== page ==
In a scandal on par with Milli Vanilli and Manti Te’o’s girlfriend, Mamoru Samuragoch, the composer of the soundtracks to Capcom’s Resident Evil Director’s Cut and for the Onimusha series, has owned up to not actually writing any of his music for the past fifteen years, since he went completely deaf at age of 35. He’s been paying others to write it for him.
Samuragoch is an internationally renowned composer who didn’t only fake game scores but many of his famous compositions, including a tribute to victims of Hiroshima. He was given the nickname of “digital-age Beethoven” by Time in 2001 when he gave them the quote that has come back to haunt him: “If you trust your inner sense of sound, you create something that is truer. It is like communicating from the heart. Losing my hearing was a gift from God.”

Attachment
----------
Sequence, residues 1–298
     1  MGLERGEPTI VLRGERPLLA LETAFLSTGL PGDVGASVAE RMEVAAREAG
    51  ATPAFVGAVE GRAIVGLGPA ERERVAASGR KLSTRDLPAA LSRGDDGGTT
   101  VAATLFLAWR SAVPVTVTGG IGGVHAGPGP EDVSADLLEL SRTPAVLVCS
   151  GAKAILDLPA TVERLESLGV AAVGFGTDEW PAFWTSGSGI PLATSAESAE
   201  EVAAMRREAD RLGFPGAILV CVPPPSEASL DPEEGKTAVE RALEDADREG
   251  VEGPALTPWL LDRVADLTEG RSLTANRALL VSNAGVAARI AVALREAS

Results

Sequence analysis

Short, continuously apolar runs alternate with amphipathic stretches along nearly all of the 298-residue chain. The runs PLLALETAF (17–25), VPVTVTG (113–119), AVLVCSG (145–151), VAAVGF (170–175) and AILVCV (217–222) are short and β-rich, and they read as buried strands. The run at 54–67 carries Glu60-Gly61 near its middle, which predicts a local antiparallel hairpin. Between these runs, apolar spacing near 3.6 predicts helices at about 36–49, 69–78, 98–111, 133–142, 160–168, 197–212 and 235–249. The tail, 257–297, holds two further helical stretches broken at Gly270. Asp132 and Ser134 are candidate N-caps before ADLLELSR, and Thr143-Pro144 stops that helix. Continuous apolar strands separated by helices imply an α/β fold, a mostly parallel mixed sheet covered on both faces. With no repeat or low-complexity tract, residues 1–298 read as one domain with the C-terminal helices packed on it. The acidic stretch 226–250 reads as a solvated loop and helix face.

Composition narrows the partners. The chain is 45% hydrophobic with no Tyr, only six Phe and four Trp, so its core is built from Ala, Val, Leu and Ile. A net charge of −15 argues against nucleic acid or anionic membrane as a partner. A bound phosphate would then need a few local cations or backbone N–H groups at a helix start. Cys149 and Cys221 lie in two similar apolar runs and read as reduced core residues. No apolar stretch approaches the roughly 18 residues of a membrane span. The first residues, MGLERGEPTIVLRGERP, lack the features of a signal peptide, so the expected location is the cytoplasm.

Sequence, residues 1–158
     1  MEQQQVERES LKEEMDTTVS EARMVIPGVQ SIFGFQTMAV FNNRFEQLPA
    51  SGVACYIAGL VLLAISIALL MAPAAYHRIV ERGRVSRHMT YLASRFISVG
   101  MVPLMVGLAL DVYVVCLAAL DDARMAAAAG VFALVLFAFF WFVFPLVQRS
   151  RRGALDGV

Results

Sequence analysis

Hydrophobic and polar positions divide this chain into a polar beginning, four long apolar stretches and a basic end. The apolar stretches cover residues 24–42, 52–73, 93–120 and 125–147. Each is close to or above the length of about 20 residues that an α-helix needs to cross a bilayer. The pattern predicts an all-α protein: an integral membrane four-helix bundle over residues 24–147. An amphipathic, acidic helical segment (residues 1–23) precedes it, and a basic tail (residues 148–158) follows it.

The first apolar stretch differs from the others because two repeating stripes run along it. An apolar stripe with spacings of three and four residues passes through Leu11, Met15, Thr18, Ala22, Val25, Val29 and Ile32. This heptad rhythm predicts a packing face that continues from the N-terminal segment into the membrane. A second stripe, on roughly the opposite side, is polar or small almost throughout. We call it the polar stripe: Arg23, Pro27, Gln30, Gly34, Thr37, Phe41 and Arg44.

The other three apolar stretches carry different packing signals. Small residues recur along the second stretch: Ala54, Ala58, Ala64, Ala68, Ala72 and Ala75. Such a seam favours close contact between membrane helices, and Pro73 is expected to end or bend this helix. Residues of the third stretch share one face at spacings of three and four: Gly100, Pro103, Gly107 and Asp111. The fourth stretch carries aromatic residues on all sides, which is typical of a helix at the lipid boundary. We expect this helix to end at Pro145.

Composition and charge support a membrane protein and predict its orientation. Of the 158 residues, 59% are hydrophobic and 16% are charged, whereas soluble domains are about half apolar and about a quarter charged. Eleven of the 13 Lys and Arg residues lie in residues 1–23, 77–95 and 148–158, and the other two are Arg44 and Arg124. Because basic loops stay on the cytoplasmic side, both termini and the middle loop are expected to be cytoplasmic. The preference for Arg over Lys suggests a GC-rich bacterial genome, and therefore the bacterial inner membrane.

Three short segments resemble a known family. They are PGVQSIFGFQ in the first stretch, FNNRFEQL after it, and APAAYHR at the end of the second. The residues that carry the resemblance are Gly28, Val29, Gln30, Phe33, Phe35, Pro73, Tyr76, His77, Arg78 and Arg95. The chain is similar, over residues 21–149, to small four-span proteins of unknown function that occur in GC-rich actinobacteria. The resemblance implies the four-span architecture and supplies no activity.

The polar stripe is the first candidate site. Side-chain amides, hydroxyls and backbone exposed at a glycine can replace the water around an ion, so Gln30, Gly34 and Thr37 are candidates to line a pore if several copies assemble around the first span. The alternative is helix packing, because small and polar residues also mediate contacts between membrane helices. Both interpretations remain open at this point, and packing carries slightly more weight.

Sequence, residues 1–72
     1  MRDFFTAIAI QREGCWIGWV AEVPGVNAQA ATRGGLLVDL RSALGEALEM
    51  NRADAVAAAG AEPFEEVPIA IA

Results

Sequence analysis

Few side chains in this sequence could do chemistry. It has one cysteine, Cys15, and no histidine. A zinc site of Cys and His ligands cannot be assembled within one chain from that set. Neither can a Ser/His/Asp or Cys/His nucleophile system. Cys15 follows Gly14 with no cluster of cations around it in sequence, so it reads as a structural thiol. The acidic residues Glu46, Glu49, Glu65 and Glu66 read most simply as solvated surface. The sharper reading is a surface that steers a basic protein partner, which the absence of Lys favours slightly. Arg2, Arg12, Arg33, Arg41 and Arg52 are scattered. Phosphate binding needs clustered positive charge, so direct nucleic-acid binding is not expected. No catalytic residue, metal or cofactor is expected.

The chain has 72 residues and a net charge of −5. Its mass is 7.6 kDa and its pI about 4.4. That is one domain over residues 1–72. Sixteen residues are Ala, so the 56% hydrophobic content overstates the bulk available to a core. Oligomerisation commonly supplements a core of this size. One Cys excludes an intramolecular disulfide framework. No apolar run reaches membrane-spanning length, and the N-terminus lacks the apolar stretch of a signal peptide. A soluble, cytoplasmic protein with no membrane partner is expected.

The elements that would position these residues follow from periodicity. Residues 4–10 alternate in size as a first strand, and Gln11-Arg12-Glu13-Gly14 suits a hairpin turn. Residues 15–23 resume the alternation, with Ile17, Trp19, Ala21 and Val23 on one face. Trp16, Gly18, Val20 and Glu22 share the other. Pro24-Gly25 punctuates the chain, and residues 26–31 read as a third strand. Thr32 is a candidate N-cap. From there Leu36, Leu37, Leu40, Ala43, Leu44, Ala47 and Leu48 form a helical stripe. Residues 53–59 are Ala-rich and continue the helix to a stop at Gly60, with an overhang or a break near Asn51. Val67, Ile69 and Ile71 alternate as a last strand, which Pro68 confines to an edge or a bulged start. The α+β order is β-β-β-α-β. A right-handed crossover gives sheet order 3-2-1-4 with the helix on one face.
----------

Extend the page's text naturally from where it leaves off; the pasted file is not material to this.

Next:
But the thing that bothers me here is this: why should we care if he wrote his own music or not? In pop, aside from the occasional star like Lady GaGa, it’s a foregone conclusion that artists are inauthentic—a figurehead for a synthesis of “real” creators behind the scenes.
And games often get attributed to creatives who have had a cursory role of oversight, like the way Sid Meier’s name is attached to every Civilization game, although he wasn’t the designer on those sequels. Also, we expect the majority of the games we play to have been outsourced to some unknown outfit in Eastern Europe. If he was a game composer exclusively, it wouldn’t be as big of a deal. I’m not sure if that’s a good thing or a bad thing.